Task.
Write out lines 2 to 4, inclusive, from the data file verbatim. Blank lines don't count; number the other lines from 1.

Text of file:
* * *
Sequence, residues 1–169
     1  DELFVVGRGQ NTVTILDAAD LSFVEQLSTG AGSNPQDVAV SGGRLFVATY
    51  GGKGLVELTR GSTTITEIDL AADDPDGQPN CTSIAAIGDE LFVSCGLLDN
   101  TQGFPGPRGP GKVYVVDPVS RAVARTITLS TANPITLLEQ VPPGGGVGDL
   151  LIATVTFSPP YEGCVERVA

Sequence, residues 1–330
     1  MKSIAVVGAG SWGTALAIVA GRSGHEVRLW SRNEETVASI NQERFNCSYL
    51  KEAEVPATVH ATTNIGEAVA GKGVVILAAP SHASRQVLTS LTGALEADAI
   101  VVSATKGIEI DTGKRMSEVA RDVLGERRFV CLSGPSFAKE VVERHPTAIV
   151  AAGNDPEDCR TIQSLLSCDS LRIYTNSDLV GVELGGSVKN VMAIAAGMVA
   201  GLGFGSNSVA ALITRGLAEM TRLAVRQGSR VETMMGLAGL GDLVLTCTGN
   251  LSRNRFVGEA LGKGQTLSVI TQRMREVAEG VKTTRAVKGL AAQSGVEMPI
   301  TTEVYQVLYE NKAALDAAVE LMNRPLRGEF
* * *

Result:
     1  DELFVVGRGQ NTVTILDAAD LSFVEQLSTG AGSNPQDVAV SGGRLFVATY
    51  GGKGLVELTR GSTTITEIDL AADDPDGQPN CTSIAAIGDE LFVSCGLLDN
   101  TQGFPGPRGP GKVYVVDPVS RAVARTITLS TANPITLLEQ VPPGGGVGDL